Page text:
Apr 20, 2010 GMTAlthough photoDiary looks like just another Web-based photo album application, it has a couple of nifty features that make it a good choice for hosting and showcasing your photographic masterpieces. For starters, photoDiary is rather straightforward to deploy. Grab the latest release of the application, unpack the downloaded archive, rename the resulting directory to photodiary, and copy it to your server's root. Point then your browser to http://yourserver/photodiary/admin/install.php, and an easy-to-follow wizard guides you through the rest of the installation process. Once photoDiary has been installed, navigate to http://yourserver/photodiary/admin and log in using the credentials...
Apr 18, 2010 GMTOn the face of it, Google Mail Checker Plus (GMCP) looks like just another Chrome extension that displays unread email count. But dig deeper and you'll discover that this extension offers a handful of genuinely useful features that make it a must-have utility for any Gmail user. For starters, GMCP sports the ability to display desktop notifications, so you can be notified about incoming emails even with Chrome running in the background. You can use the notification window not only to preview each new message, but also archive, delete, and mark it as spam. GMCP's options page offers other useful options for you to tweak. Here you can change polling interval, configure GMCP for use with...
Apr 12, 2010 GMTQuality open source fonts are pretty thin on the ground, but if you look hard, you can find rare gems like fonts from Arkandis Digital Foundry. The project's page offers a wide range of open source fonts from typefaces based on classics like Times New Roman and Baskerville to decorative fonts and dingbats. All fonts on offer are available in different formats, such as TrueType and OpenType, and they are distributed under the GNU GPL v2 license. You can download a PDF sample for each font, so you can get an idea of what the font looks like and how it can be used.
Apr 02, 2010 GMTGoogle Docs is maybe the king among Web-based collaborative editing and document sharing applications, but the productivity suite from the all-mighty giant is not the only fish in the sea. An open source Web-based solution, co-ment provides an efficient document collaboration environment which offers everything you need to edit, annotate, and share documents. co-ment is not just a mere Web-based word processor, though. While you can use co-ment as a no-frills Web-based word processor, it's designed for easy and efficient document annotation. You can create documents from scratch in co-ment, or you can import existing documents. co-ment uses OpenOffice.org as its conversion back-end, so...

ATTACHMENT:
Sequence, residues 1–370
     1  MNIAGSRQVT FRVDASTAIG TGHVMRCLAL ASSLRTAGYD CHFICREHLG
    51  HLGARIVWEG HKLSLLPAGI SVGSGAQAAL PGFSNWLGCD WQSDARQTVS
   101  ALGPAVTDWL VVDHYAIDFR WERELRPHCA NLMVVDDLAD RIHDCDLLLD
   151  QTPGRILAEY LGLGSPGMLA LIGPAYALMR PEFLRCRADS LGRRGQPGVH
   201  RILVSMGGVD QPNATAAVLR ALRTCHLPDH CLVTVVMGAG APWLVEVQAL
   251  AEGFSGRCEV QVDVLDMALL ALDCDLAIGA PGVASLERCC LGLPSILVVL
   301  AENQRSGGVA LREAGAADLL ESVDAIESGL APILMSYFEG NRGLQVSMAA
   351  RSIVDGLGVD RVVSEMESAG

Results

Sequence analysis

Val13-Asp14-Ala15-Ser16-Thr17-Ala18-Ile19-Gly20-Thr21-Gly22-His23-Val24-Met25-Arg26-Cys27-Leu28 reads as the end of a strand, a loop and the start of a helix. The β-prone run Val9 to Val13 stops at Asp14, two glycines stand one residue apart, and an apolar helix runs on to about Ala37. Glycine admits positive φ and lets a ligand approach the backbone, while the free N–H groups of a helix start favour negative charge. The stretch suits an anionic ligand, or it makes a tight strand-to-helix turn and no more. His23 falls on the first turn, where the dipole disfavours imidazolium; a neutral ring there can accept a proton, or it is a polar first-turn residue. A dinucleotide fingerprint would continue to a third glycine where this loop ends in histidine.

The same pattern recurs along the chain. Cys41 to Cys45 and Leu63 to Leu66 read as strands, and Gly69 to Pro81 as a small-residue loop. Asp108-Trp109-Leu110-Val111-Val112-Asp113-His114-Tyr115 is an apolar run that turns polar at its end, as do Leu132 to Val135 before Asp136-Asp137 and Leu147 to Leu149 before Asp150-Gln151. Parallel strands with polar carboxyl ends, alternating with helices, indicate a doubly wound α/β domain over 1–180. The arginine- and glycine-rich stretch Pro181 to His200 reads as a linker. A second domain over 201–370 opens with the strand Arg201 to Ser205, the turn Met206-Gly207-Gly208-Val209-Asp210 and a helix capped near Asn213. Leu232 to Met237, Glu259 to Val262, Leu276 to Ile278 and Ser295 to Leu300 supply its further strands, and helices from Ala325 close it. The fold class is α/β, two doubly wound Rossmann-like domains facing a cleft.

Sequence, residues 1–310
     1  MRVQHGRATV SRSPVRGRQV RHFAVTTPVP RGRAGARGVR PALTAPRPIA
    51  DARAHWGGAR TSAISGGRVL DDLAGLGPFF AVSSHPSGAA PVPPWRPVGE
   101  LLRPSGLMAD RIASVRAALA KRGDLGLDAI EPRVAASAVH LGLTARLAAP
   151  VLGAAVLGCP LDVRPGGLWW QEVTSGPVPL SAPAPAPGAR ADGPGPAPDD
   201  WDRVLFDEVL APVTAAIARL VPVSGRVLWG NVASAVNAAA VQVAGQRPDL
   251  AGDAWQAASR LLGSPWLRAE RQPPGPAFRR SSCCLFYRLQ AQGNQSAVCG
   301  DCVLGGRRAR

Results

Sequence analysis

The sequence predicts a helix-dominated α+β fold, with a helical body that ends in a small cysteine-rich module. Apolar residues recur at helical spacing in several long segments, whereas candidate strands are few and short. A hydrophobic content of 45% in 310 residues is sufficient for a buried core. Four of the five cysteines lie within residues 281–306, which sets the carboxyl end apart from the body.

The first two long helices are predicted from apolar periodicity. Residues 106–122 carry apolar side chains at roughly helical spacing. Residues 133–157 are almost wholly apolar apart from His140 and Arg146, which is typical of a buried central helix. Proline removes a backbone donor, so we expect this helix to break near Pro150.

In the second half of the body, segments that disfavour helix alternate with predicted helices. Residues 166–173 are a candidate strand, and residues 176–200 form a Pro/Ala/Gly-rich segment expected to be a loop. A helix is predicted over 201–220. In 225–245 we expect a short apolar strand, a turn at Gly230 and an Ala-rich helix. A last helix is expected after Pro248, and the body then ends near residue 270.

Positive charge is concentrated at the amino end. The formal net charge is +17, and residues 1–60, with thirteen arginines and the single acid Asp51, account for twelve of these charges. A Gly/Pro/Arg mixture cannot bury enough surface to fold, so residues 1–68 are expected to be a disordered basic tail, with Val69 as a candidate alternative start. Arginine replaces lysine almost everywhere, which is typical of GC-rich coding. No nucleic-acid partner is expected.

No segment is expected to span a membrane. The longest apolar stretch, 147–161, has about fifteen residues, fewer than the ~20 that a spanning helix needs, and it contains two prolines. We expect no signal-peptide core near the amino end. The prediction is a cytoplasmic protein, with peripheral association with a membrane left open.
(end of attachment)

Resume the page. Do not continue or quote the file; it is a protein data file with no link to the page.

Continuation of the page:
Mar 30, 2010 GMTWhen it comes to note-taking apps for Android, you can't go wrong with OI Notepad. At first sight, OI Notepad looks pretty bare-bones, but it does offer a few useful features. You can assign tags to notes and use the Tags drop-down list to quickly locate notes containing a specific tag. The real-time search feature finds matching notes as you type, and you can sort notes by date or alphabetically. To change the sorting order press the Menu button and choose Settings List -> Sorting Order. In the Settings section, you can also enable the Auto-create Links option which automatically turns phone numbers and URLs into clickable links. OI Notepad also allows you to share notes (long-press...
Mar 26, 2010 GMTTweaking the power settings on your notebook may help to squeeze out more battery life, but this can also turn your machine into a narcoleptic which abruptly falls asleep when you are watching a movie or reading an ebook. Caffeine is a simple utility that can prevent this from happening. To install Caffeine on Ubuntu, add the project's PPA using the following command: sudo add-apt-repository ppa:caffeine-developers/ppaUse then the sudo apt-get install caffeine command to install the utility. Once up and running, Caffeine adds an icon to the notification area. Using the tool is a doddle: click on the icon to enable Caffeine, click again to disable it. You can also enable Caffeine for a...
Mar 23, 2010 GMTLooking for a new way to improve your productivity? Try the Pomodoro technique. The idea behind this technique is ridiculously simple. You break down your workload into 25-minute chunks, called pomodoros (pomodoro is Italian for tomato). During each 25-minute working session, you focus on a single task. Once the time is up, you take a break and move to another pomodoro. To time pomodoros you can use either a kitchen timer or a more high-tech solution like Pomodairo. To use the latter on your system, you need to install the Adobe AIR runtime. Obviously, the key feature of Pomodairo is the timer, but the utility has a few nifty tricks up its sleeve, too. Pomodairo lets you maintain a list...
New release comes with better semantic search and improvements to Kontact.
Annual code quality report shows FOSS is more secure at all project size levels.
The Raspberry Pi Foundation has announced an even smaller version of the tiny computer that will fit into a DIMM slot.
A new class of problems lets a malicious app pre-configure an invisible privilege update.
New Hack language adds static typing and other conveniences.
New crypto policy system will offer easier configuration and more uniform security.
Ubuntu founder denounces insecurity in proprietary, close-source software blobs.
Vulnerability affects many Linux web servers
The Bavarian capital shuns Microsoft, Google, and other alternatives to implement an open source groupware solution.
Phone vendor partnerships bring Mark Shuttleworth's dream of Ubuntu on a phone a step closer to reality.